In Venezuela, opponents and supporters of populist President Hugo Chavez have staged rival marches through the capital city one day after deadly violence at an opposition rally in a Caracas plaza. The country is still in shock over the murders which, like everything else in the current crisis, have been politicized.
Prayers were held at the Plaza Francia in the upscale neighborhood of Altamira Saturday where less than 24 hours earlier shots were fired into a crowd of opposition demonstrators.
Huge bouquets of flowers rose from roped off areas where the victims fell, including an elderly woman, and a teenage girl. Beneath the flowers, pictures of Catholic saints, cards, and other mementos were scattered on the pavement, still stained with blood.
Dressmaker Micheline Medina was among those standing before one of the bouquets, tears in her eyes as she stood next to her daughter. "It's a tragedy," she said, because it was a 17-year old girl who only came to demonstrate against the disaster that is happening in this country, and they kill her. As she spoke, she held her 11 year old daughter tight in her arms.
Roberto, a student standing nearby, said he felt several emotions. "I feel very sad, I feel angry, but my heart feels that I need to resolve, to resolve this problem," he said.
The problem for Roberto and for much of the country is Mr. Chavez and his left wing policies. Many at Plaza Francia also say they have no faith that government authorities will conduct a fair investigation of Friday's shootings which occurred as the opposition announced the extension of their general strike for a sixth day.
Police are holding a Portuguese-born taxi driver, who has confessed to the shootings. Six other men are being held in connection with the incident, but their role is unclear.
Opposition leaders accuse President Chavez of plotting the killings in an attempt destabilize the anti-government movement.
But President Chavez and his top officials have denied these accusations, calling them irresponsible. Addressing his supporters Saturday, Mr. Chavez said the opposition did not even wait for the conclusion of the investigations before accusing him of the shootings.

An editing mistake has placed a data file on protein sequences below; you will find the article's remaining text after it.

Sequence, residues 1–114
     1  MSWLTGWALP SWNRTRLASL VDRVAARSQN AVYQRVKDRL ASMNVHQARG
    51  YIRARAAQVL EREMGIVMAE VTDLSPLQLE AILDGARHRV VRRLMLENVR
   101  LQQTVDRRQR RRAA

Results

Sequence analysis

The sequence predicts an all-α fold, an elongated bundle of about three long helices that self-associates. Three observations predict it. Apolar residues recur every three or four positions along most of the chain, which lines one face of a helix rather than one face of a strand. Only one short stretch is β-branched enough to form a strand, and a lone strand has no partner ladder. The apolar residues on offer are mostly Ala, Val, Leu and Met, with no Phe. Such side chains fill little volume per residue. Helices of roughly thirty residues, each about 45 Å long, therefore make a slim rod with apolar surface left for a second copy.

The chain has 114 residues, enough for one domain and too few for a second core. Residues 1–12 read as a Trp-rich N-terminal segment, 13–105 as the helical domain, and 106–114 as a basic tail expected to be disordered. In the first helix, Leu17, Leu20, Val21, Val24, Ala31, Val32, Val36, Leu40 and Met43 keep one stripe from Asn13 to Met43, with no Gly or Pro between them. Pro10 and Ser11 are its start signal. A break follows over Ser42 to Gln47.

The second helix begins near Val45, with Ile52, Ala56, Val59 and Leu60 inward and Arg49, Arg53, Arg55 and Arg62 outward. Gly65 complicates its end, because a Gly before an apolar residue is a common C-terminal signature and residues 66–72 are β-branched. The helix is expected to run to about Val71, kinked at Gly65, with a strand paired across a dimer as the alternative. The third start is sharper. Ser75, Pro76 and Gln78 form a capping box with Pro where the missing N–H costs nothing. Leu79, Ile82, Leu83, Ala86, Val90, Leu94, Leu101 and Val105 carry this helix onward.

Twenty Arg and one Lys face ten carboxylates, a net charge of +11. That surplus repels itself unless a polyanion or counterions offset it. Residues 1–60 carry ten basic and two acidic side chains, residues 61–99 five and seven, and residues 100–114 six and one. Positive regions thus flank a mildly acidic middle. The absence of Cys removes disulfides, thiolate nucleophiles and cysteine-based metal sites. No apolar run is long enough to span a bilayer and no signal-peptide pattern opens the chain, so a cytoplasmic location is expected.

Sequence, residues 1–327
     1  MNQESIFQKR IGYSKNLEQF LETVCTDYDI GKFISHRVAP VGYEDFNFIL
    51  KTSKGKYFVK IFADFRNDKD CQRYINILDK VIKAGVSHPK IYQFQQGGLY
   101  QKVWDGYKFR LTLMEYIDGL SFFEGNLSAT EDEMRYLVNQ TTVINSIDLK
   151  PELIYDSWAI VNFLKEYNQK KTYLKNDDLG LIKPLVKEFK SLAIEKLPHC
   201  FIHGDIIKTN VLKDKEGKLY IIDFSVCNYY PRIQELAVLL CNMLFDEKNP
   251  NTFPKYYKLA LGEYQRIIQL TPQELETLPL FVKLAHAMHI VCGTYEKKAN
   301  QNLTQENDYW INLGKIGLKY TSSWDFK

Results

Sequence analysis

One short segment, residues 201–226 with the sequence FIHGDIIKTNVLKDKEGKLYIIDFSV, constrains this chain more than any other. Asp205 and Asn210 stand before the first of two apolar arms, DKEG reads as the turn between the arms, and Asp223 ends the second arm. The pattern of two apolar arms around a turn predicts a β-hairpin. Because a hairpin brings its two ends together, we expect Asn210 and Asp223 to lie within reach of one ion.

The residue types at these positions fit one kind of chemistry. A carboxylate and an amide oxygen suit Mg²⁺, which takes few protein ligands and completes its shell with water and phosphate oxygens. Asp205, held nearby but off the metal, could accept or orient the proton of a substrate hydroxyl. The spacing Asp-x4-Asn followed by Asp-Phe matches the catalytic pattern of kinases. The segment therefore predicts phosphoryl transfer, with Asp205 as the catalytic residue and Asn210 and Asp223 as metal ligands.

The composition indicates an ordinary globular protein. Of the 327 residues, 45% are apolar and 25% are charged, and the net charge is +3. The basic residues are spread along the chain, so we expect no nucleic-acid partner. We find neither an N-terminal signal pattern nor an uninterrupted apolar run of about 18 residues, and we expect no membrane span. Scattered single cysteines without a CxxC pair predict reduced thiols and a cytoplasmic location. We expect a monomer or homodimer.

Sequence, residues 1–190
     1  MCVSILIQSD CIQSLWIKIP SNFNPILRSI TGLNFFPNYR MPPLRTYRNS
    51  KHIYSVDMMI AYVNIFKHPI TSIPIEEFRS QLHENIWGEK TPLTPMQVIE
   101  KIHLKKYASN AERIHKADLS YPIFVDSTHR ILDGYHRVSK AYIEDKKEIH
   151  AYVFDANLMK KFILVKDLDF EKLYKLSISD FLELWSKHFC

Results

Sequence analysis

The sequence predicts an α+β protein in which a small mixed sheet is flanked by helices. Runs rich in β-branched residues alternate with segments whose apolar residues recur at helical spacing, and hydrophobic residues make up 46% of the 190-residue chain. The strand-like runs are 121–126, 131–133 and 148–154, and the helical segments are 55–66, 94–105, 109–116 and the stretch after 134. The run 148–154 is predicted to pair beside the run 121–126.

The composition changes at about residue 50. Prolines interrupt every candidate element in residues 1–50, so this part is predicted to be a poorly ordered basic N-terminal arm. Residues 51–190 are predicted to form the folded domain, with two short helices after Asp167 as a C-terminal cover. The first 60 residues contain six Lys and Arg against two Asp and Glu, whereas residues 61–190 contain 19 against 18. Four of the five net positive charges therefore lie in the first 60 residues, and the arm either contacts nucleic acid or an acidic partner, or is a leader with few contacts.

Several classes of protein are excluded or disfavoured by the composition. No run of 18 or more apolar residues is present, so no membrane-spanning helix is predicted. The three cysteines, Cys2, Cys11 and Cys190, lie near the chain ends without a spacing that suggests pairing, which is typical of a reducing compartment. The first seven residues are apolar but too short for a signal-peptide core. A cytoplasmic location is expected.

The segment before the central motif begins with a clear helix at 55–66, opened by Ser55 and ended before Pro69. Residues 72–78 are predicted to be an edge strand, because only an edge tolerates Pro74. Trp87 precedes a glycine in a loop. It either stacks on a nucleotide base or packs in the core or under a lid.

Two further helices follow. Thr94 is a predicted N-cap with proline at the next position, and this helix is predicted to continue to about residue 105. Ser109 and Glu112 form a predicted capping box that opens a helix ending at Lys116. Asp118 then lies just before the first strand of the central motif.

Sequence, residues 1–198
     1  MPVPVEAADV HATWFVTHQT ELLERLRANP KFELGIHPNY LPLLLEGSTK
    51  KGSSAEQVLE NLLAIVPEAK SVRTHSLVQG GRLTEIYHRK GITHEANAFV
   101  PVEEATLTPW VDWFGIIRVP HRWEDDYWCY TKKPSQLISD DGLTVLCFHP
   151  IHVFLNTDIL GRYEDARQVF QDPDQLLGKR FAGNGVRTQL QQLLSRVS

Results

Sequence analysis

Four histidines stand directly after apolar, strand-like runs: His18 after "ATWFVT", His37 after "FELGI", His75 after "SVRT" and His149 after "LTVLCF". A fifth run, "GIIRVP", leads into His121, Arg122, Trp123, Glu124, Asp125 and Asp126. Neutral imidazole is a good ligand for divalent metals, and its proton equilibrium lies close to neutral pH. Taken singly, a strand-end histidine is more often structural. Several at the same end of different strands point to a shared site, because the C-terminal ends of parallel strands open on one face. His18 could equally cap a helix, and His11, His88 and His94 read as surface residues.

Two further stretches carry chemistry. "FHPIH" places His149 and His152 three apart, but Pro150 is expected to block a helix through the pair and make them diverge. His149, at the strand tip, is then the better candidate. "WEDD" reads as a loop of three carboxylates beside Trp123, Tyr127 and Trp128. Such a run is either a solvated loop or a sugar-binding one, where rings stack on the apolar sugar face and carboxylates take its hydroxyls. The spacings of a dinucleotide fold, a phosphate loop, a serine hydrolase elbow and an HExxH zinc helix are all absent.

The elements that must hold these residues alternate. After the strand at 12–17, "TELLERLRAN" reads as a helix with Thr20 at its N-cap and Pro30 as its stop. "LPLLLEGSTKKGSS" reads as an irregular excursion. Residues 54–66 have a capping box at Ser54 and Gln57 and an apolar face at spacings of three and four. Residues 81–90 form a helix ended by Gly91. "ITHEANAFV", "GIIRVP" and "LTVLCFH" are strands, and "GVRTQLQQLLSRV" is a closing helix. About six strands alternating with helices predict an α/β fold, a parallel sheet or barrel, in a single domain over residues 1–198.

Earlier at the rally Saturday, which was called to celebrate his election as president in 1998, the mood was buoyant as tens of thousand of people marched through the streets of the president's palace.
But Chavez supporter Elinor Cesile said for her, the celebrations are mixed with sadness over what happened Friday on the other side of the city. "You can see, you can see everybody is singing and dancing, everybody's really happy, but we are also in a big pain for the people [who were killed]. I mean it is our people too," she said.
But other supporters of the populist president were quick to blame the opposition for the murders, saying it was a plot to smear the government. Gilberto Colambriez, a public sector worker, said the killings were carried to show that Venezuela is in state of crisis. "The opposition are the ones," he said, "who want to paint a situation of chaos in this country."
Meantime, the opposition Saturday staged a massive silent march through Caracas to honor the memory of those slain and wounded, and to demand the resignation of Mr. Chavez. Many wore black clothing, and carried tiny Venezuelan flags at half mast.
The opposition-led strike, which has crippled Venezuela's oil industry, shows no sign of ending soon. Following Friday's killings, key members of the opposition say they are now demanding Mr. Chavez step down. When the strike began Monday, the opposition wanted the Venezuelan leader to agree to early elections to cut short his six year term.